Email updates

Keep up to date with the latest news and content from BMC Proceedings and BioMed Central.

This article is part of the supplement: 22nd European Society for Animal Cell Technology (ESACT) Meeting on Cell Based Technologies

Open Access Meeting abstract

Influence of operating parameters of a settling-based perfusion process on expansion of VERO cells attached on microcarriers

Amal El Wajgali1, Frantz Fournier1, Eric Olmos1, Cécile Gény2, Hervé Pinton2 and Annie Marc1*

Author Affiliations

1 Laboratoire Réactions et Génie des Procédés, UPR-CNRS 3349, Vandoeuvre-lès-Nancy, France

2 Sanofi Pasteur, Marcy L’Etoile, France

For all author emails, please log on.

BMC Proceedings 2011, 5(Suppl 8):P60  doi:10.1186/1753-6561-5-S8-P60

The electronic version of this article is the complete one and can be found online at:

Published:22 November 2011

© 2011 El Wajgali et al; licensee BioMed Central Ltd.

This is an open access article distributed under the terms of the Creative Commons Attribution License (, which permits unrestricted use, distribution, and reproduction in any medium, provided the original work is properly cited.


The growing demand for biologicals produced by animal cells motivates the development of more efficient and reliable culture production processes. In the particular case of the industrial production of viral vaccines by Vero cells adhered on microcarriers, the cell propagation phases are mainly devoted to reach high cell density in less time while maintaining a good cell physiological state. Several papers have reported the optimization of culture conditions for microcarrier cultures [1-4]. Otherwise, perfusion bioreactors, based on continuous medium renewal and cell retention, can be a good alternative to batch systems. Among the various technologies for cell retention, gravitational settler is a promising device for large-scale perfusion culture process. This simple device takes advantage of the difference between the cell settling rate and the medium harvesting flow rate. Moreover, in the particular case of cells attached on microcarriers, it is more suitable than in the case of single suspended cells. So, the aim of this work was to evaluate the performances of adherent Vero cell cultures performed inside a perfused bioreactor using a gravitational settler as cell retention device. The study focused on the influence of two operating parameters, such as microcarrier concentration (MCs) and initial cell density (C0), on the cell growth.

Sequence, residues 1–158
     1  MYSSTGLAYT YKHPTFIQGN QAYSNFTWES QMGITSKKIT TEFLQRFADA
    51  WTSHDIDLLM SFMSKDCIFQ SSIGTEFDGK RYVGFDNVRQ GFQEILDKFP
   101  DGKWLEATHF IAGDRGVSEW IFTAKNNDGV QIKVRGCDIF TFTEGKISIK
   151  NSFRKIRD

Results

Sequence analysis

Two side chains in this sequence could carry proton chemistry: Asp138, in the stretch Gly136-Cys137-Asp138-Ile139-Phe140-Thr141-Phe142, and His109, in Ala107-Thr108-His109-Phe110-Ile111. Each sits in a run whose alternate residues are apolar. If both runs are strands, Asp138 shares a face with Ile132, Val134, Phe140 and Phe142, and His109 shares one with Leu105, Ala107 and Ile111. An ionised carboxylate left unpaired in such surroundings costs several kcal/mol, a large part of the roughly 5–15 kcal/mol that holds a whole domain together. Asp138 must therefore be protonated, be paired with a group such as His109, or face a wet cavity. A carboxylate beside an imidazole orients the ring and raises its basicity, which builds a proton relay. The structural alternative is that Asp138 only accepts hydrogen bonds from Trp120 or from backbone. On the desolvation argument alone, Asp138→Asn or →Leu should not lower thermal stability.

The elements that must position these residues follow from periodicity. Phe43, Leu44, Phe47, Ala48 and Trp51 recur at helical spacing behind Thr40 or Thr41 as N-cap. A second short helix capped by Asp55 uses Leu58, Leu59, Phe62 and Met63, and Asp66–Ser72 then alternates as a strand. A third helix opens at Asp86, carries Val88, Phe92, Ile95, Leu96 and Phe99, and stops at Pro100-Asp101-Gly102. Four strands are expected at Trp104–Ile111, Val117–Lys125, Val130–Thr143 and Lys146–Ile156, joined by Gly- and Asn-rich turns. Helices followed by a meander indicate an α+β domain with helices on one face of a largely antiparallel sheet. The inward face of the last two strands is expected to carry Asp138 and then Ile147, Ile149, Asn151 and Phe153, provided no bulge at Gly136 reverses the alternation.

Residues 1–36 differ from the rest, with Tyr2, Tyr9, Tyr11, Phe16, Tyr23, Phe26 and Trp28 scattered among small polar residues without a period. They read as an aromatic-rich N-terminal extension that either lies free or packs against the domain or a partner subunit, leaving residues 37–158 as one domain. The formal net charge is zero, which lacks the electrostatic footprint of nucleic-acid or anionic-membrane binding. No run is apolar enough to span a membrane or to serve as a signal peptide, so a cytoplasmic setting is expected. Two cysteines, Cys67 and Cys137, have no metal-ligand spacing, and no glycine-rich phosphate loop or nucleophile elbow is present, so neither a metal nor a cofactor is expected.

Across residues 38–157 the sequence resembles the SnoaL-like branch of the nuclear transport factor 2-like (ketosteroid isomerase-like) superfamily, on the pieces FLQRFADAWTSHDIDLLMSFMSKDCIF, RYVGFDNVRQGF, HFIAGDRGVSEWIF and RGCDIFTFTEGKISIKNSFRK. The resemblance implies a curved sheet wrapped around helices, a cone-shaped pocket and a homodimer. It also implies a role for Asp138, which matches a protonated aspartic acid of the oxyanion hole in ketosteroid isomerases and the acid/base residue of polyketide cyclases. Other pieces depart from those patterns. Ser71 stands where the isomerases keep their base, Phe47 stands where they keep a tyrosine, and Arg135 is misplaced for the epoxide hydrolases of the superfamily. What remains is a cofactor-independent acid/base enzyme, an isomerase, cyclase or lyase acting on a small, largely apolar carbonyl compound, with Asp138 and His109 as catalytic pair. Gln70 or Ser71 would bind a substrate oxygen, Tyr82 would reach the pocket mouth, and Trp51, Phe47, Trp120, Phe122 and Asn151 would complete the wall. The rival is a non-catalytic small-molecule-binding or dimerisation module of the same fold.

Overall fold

Materials and methods

Vero cells were provided by Sanofi Pasteur and cultivated in a serum-free medium attached on Cytodex-1 microcarriers (GE Healthcare). Cultures were performed in a 2 L bioreactor (Pierre Guérin, France) controlled at pH: 7.2, temperature: 37°C, pO2: 25 % with an agitation rate of 90 rpm. After 48 h of batch culture, the perfusion medium flow rate was started at 0.5 vol.d-1. The harvest flow rate was made through a settling glass tube. The concentration of adherent cells was measured by the crystal violet method.

A Design of Experiment (DoE) was set up, with the objective to study the effect of two operating parameters (MCs and C0) in order to reach high maximal cell density and rapid cell growth. The chosen criteria for DoE response were the maximal cell concentration, either per medium volume (cells.mL-1) or per microcarrier (cells.MCs-1), and the population doubling level (PDL). A D-optimal design was chosen because of the irregularity of the experimental region. Three levels were defined for each parameter. The Modde 7 software was used to generate the DoE: 7 experiments plus one repetition in order to assess the repeatability. Theoretical initial cell densities (C0) were corrected by the experimental values. The table 1 gives the corresponding operating parameters of the various perfused cultures.